A.K. Dewdney's masterwork The Planiverse follows the adventures of one Yendred, a denizen of the 2-dimensional world Arde. More than just a response to Edwin Abbott's Flatland, it attempts to explore every aspect of 2-dimensional life (arranged vertically, as opposed to Abbott's horizontal plane). The appendix is rife with details about physics, astronomy, biology, etc. The book has just been re-issued, and not a moment too soon; I lost the copy my father gave me and had to order a used copy from Canada.
On page 202, we find this description:
It is quite an interesting problem to watch a game with which one is totally unfamiliar and try to guess what the rules are. The two astronomers took turns placing pieces of jebb (a type of rock - s) on a board which had been marked off into eleven segments, each having room for only one piece. A long period of thought preceded each move, although sometimes a player would put down his stone and pick up some others.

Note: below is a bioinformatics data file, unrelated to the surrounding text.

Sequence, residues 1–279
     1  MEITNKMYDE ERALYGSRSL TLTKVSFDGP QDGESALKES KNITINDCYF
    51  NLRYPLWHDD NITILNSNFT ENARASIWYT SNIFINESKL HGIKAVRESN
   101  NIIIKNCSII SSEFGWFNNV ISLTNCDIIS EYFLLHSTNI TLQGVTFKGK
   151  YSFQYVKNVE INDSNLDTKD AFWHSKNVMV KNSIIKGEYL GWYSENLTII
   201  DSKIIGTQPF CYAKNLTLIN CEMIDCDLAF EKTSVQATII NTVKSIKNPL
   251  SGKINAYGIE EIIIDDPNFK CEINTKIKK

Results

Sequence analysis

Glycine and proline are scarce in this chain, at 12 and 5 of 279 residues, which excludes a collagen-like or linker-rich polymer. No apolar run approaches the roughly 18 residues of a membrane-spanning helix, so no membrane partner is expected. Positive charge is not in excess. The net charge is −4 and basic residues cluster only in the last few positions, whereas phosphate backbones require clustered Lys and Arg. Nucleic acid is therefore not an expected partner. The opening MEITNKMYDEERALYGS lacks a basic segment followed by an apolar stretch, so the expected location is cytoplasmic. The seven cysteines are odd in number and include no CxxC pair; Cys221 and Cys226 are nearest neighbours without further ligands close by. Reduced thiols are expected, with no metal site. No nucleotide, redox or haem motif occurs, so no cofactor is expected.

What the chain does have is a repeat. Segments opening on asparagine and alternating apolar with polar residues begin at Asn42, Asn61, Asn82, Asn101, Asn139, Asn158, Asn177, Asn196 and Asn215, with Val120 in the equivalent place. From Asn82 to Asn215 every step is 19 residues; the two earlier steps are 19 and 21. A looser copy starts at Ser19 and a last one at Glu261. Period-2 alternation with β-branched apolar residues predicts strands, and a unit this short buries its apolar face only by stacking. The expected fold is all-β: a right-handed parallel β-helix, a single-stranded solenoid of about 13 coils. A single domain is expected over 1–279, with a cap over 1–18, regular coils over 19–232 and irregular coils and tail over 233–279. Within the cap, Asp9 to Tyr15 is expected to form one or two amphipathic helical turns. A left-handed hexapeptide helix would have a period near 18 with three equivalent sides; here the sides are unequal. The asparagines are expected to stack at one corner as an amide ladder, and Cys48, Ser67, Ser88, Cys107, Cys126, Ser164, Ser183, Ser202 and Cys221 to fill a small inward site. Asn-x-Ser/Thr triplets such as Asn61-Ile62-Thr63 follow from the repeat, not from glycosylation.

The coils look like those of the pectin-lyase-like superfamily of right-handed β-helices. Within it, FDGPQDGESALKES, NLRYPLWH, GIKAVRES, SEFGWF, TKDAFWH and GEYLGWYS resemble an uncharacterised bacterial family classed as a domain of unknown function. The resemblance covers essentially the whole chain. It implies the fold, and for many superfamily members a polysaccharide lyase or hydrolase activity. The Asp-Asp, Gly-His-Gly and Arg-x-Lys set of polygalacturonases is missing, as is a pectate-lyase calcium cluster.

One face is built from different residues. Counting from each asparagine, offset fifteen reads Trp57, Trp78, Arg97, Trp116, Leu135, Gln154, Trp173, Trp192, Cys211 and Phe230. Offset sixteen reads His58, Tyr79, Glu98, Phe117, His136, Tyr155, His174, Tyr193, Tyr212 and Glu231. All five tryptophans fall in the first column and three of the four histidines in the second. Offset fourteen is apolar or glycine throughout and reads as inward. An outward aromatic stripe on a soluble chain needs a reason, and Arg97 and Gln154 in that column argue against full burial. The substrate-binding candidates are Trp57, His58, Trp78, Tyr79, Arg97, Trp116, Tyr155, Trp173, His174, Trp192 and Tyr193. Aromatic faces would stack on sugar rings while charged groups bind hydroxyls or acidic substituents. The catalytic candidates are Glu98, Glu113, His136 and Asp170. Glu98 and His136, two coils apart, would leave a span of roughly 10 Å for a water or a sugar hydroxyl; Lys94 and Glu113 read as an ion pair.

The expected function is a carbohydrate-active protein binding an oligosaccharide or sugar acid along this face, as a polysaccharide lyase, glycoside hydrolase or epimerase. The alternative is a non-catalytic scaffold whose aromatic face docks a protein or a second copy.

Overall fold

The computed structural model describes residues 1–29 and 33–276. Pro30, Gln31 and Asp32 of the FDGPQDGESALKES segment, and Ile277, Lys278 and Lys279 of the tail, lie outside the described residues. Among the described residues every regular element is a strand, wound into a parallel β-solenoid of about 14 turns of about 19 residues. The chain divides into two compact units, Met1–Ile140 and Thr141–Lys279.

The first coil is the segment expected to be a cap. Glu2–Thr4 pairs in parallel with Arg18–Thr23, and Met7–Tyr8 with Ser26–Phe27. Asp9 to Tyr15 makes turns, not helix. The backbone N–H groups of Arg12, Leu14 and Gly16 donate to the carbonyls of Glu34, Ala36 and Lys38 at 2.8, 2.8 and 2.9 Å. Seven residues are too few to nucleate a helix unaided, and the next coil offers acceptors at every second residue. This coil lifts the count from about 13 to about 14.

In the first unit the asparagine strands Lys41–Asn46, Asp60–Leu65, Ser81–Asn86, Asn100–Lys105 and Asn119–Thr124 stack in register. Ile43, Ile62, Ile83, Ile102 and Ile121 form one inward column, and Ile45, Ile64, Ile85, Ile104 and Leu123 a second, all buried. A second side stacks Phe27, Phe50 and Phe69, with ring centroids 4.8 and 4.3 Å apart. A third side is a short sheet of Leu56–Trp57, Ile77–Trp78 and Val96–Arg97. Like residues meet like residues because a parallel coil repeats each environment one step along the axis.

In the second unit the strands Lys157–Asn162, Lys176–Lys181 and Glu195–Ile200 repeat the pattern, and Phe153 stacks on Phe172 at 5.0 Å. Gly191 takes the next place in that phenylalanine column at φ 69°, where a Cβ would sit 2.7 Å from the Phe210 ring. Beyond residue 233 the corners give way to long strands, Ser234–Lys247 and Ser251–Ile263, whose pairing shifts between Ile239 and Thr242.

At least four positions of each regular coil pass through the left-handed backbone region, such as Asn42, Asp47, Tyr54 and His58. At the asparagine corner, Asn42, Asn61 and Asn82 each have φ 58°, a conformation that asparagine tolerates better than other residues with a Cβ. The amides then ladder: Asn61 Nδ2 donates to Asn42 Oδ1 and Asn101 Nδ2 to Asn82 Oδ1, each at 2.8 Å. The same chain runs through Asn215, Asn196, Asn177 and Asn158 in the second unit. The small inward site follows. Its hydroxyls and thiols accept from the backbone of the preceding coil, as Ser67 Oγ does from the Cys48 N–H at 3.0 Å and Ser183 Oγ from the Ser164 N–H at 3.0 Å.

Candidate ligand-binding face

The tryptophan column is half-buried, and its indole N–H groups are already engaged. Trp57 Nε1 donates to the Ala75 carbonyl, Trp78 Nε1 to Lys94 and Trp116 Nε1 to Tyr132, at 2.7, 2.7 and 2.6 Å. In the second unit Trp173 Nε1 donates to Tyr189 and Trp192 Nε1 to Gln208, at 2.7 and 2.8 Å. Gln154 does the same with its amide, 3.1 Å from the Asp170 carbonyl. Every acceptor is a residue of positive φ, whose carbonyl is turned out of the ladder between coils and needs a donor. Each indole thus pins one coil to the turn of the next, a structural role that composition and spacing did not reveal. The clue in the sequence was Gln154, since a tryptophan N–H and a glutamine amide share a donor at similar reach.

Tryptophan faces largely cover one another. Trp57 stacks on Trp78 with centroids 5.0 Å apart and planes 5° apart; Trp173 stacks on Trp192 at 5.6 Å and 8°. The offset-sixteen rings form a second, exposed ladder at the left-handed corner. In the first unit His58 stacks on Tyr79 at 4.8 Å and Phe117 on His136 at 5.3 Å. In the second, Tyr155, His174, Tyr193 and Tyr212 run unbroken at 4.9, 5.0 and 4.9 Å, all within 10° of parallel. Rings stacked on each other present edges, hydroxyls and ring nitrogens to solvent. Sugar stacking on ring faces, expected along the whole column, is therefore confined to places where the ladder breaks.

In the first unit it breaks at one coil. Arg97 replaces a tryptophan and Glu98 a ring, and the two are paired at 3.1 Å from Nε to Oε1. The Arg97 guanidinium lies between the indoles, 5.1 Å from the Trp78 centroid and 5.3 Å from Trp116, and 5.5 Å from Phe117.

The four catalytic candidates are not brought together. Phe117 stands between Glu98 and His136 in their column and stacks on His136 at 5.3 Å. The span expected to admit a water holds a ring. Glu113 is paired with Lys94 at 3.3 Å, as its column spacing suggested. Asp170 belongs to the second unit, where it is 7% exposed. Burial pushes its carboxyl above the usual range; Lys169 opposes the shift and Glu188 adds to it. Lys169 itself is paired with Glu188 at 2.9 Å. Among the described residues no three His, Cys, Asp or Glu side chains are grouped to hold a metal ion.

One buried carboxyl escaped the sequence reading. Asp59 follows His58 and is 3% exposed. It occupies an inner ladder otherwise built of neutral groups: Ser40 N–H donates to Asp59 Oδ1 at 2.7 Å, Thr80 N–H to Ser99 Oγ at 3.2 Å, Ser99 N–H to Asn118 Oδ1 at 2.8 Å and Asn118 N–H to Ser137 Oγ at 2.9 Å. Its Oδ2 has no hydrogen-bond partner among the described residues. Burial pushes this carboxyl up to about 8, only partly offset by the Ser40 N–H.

Later that day Yendred informed us that this was a very popular Punizlan board game called "Alak." One side has white pieces and the other black. If a contiguous set of one color is surrounded (at both ends) by two pieces of the other color, then that player gets to capture all the pieces thus surrounded.
(There's a diagram of the game in the book; hopefully I'll be able to scan it soon and place it here.)
(At the end of the chapter:) After the contact ended, Ffennell (one of the Earth scientists) took a pad of paper and drew a row of eleven squares on it. Then he collected pennies and nickels from everyone in the room.
"The game of Alak," he said, "is basically just one-dimensional Go, a well-known board game here on Earth. Let's try a few games!" I was too tired to stay on, but Lambert and Chan remained to play. The other two followed me out of the laboratory. Dawn was streaking the early Friday sky.
Anyone want to try a game of Alak?